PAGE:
Ubiquitous up and down the East Coast, Federal-style architecture dates from the late 1700s and coincided with a reawakening of interest in classical Greek and Roman culture. Builders began to add swags, garlands, elliptical windows, and other decorative details to rectangular Georgian houses. The style that emerged resembles Georgian, but is more delicate and more formal. Many Federal-style homes have an arched Palladian window on the second story above the front door. The front door usually has sidelights and a semicircular fanlight. Federal-style homes are often called “Adam” after the English brothers who popularized the style.
Balance and symmetry are the ruling characteristics of this formal style. Homes are often brick with detailing in copper or slate. Windows and chimneys are symmetrical and perfectly balanced, at least in original versions of the style. Defining features include a steep, high, hip roof; balcony and porch balustrades; rectangle doors set in arched openings; and double French windows with shutters. Second-story windows usually have a curved head that breaks through the cornice.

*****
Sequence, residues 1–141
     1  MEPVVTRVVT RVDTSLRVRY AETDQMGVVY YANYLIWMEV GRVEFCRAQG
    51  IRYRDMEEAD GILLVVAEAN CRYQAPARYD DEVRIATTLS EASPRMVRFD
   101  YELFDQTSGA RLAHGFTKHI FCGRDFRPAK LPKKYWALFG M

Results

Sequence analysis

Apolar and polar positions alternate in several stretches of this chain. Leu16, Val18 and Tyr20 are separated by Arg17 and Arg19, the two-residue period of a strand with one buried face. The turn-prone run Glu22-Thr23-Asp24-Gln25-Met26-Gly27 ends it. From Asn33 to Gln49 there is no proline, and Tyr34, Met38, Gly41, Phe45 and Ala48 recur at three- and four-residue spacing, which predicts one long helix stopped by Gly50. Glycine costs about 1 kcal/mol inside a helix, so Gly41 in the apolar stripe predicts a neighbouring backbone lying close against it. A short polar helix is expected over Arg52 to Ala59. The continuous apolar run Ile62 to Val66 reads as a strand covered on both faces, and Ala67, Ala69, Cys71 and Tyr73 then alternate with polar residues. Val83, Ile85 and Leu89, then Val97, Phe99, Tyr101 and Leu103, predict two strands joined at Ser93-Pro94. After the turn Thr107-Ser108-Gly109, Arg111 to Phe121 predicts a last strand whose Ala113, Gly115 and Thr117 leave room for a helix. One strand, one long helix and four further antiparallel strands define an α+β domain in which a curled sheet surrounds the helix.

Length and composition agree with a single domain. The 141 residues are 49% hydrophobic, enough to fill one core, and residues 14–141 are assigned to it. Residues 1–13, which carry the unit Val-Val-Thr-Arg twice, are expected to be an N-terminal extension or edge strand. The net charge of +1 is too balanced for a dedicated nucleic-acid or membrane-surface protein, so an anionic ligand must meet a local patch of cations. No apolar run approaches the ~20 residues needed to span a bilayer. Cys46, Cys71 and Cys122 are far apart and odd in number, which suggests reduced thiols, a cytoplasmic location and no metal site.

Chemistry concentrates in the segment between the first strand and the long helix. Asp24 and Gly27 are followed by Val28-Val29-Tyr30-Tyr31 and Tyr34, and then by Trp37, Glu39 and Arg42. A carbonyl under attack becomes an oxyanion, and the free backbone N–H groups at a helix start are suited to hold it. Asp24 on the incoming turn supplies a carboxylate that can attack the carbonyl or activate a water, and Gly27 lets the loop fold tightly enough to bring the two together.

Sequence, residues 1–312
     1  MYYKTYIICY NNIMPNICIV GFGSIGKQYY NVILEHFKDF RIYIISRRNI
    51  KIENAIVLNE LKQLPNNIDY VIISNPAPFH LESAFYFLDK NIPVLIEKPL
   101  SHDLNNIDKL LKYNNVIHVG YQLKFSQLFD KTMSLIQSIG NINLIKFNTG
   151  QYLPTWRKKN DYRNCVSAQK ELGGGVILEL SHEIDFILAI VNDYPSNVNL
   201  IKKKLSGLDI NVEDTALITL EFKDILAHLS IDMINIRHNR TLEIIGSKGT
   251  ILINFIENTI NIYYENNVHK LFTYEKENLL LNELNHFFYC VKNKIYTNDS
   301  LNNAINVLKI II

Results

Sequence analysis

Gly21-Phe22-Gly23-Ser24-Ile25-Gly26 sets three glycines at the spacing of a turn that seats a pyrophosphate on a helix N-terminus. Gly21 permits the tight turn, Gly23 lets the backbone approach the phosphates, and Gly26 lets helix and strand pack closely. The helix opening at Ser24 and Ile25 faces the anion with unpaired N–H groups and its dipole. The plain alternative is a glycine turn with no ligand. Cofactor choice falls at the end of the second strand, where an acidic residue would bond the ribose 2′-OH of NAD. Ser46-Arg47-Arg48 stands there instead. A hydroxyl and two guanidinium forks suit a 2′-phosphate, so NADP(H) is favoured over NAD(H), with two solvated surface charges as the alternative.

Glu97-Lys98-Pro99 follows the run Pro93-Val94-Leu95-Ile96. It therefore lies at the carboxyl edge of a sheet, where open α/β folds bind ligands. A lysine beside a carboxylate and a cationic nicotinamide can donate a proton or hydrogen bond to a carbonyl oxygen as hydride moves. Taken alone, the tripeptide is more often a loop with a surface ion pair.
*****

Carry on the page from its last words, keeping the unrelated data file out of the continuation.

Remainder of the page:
The design had its origins in the style of rural manor homes, or chateaus, built by the French nobles during the reign of Louis XIV in the mid-1600s. The French Provincial design was a popular Revival style in the 1920s and again in the 1960s.
Befitting a king–in fact, the style is named for four King Georges of England–Georgian homes are refined and symmetrical with paired chimneys and a decorative crown over the front door. Modeled after the more elaborate homes of England, the Georgian style dominated the British colonies in the 1700s. Most surviving Georgians sport side-gabled roofs, are two to three stories high, and are constructed in brick. Georgian homes almost always feature an orderly row of five windows across the second story. Modern-day builders often combine features of the refined Georgian style with decorative flourishes from the more formal Federal style.
There are so many more styles! To see them all in the original post on RealtorMag.com, click HERE.
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